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Reed Krakoff’s office for the brand that bears his name is strictly modernist — much like that of an architect. Gray felt chairs with a Bauhaus touch line a white central table that’s topped with bowls filled with markers and drawing pens. Design books are stacked on industrial shelves, while an eclectic mix of art — a Basquiat painting, a Patti Smith drawing, a Frank Stella sculpture —is on display in the space. “They’re all pretty disparate, but something holds them together,” Krakoff says, pointing to the artwork. “I think it’s that mix that makes it interesting and unique.”
That mix is a philosophy he brings to his designs as well. Two years since launching the Reed Krakoff brand of clothes, fragrance and accessories, the latter has emerged as the top category, now accounting for the lion’s share of sales. If the ready-to-wear had some early growing pains, Krakoff’s accessories displayed a healthy momentum since the get-go. Shortly after the label’s debut, Michelle Obama was spotted carrying Krakoff’s blue leather Ribbon tote. Retailers such as Saks Fifth Avenue, Neiman Marcus and Net-a-porter.com have embraced the line, and, along the way, Krakoff has become increasingly recognized as a go-to designer for bags in exotic skins like crocodile and python. This past June, the Council of Fashion Designers of America honored Krakoff with the prestigious 2012 Accessory Designer of the Year award.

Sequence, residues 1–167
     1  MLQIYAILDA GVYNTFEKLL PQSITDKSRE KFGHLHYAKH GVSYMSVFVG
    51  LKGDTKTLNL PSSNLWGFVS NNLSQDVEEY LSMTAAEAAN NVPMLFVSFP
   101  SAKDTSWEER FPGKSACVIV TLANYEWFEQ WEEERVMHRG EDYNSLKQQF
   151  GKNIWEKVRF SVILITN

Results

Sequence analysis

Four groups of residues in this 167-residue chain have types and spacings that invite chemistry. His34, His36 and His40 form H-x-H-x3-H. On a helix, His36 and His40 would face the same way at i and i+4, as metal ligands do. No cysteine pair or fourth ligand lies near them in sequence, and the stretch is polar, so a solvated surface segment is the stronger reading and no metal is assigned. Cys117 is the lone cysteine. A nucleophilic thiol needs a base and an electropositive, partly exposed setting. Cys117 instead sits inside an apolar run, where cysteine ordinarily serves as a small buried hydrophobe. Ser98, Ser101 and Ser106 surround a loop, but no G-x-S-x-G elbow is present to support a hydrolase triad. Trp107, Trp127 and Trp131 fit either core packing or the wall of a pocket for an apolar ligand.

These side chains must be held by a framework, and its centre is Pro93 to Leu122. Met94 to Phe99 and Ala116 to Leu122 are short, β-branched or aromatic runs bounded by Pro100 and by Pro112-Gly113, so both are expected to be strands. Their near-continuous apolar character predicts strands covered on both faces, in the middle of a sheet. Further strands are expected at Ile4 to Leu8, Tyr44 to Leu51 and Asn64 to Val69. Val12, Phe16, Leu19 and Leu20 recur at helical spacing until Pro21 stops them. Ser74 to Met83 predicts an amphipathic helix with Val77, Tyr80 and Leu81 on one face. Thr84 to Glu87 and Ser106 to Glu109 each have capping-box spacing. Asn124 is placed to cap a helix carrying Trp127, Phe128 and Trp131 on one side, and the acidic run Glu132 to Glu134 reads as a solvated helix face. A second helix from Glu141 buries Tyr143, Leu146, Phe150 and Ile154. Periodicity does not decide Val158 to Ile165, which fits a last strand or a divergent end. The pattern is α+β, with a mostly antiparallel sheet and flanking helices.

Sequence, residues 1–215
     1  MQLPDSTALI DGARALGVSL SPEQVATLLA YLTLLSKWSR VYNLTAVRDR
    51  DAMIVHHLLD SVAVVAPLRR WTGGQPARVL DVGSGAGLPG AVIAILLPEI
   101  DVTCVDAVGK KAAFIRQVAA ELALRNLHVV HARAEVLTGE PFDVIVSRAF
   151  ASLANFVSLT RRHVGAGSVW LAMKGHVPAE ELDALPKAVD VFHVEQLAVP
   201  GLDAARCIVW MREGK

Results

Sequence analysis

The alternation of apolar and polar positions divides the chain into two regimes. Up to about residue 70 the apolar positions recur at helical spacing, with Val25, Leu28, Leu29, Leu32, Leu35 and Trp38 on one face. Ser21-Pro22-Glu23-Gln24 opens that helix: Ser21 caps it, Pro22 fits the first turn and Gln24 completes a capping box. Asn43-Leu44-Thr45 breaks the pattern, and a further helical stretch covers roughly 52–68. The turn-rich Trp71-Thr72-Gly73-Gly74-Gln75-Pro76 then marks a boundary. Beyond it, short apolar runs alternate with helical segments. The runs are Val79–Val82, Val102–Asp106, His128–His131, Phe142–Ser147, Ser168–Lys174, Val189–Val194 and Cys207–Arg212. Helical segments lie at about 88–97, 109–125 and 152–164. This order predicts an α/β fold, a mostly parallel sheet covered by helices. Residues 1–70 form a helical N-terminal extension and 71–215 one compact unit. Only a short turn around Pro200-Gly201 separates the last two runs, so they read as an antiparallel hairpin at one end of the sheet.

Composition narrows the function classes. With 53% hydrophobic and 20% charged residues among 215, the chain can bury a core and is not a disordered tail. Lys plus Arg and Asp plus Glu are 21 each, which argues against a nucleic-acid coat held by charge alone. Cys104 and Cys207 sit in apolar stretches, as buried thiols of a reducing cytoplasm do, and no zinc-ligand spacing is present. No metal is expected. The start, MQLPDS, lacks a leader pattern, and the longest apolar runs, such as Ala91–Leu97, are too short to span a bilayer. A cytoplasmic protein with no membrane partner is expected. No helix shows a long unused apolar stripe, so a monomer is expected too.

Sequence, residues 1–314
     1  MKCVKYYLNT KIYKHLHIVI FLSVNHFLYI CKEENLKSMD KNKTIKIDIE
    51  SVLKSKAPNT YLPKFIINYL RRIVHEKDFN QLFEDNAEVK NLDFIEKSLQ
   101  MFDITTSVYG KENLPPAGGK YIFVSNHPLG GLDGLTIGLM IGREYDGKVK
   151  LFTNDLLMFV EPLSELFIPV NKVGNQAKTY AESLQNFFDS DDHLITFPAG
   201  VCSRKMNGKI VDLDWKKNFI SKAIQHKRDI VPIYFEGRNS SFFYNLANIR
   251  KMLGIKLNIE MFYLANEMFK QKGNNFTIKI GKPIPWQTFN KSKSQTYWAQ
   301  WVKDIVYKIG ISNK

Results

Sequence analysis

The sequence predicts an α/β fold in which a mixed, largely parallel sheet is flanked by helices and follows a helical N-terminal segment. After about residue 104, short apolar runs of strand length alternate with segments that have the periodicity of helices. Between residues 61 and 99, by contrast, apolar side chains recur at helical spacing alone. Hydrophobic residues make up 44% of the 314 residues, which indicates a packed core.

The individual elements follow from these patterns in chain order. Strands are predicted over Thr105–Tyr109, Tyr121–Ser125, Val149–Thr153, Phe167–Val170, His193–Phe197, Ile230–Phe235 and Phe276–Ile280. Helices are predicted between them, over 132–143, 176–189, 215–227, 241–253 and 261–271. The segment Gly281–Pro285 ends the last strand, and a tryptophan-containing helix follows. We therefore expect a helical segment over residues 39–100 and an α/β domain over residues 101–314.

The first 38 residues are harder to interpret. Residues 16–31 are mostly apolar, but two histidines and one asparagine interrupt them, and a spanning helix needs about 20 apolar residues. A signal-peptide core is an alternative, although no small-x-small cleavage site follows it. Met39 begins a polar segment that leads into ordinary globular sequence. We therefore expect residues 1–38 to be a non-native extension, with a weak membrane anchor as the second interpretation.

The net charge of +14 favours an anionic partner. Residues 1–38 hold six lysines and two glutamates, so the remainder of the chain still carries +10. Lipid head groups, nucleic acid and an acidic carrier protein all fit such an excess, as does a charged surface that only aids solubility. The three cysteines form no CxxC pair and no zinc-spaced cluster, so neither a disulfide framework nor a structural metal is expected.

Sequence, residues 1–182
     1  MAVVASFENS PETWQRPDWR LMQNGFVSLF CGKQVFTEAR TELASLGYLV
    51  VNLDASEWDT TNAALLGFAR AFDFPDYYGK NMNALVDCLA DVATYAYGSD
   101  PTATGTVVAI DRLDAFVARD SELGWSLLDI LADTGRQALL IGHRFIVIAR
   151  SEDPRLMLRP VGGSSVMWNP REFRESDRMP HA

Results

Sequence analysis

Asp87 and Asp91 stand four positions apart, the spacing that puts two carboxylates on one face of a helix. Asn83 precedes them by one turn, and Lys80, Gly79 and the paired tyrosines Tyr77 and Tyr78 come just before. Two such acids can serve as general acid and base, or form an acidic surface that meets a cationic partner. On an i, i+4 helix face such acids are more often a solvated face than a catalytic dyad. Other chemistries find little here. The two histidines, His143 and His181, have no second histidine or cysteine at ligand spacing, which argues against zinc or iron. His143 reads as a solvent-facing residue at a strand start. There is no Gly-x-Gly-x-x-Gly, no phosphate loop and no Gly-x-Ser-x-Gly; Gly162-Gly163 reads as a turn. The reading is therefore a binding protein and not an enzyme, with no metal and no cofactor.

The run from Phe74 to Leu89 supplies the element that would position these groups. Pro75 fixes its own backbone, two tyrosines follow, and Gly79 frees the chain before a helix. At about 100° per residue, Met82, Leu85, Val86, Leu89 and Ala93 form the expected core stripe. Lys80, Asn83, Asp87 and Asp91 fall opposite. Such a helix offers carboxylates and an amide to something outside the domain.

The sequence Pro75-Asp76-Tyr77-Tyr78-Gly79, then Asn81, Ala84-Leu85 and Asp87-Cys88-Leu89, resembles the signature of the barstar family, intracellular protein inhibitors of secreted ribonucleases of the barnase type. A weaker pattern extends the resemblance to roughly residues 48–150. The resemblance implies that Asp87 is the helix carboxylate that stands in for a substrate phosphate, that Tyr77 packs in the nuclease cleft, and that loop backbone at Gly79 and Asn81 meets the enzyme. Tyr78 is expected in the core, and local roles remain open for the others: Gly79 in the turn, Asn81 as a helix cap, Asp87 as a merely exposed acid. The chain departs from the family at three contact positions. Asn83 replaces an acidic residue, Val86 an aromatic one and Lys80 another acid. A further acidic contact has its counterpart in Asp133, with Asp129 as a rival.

That the category is gaining such traction over a relatively short period of time is hardly a surprise. If anyone knows leather goods, it’s Krakoff. While his early career was focused on ready-to-wear — after graduating from Parsons The New School For Design, he worked at Anne Klein with Narciso Rodriguez, then at Polo Ralph Lauren and Tommy Hilfiger — he made his real mark at Coach, playing an instrumental role in turning the storied but dusty American brand into an accessories powerhouse.
The financial backing of Coach Inc., where Krakoff continues to serve as president and executive creative director today, allowed him to launch his brand with a holistic approach, offering runway clothes alongside handbags, shoes, sunglasses, watches and jewelry — a far-from-typical trajectory for an upstart.
“I feel really fortunate that I was able to have the experience of telling that story across multiple categories, because I think one feeds the next,” Krakoff says. “I know that my jewelry is more evolved and more successful because I’m able to do eyewear and shoes at the same time. And when you’re starting to build a brand’s language, each new piece that you make helps create the signature.”
That signature may still be a work in progress, but Krakoff has his goals set. “The idea is really about a new luxury,” he says, “which can mean a lot of different things but to me is always something that’s about a combination of design credibility, materials and construction.”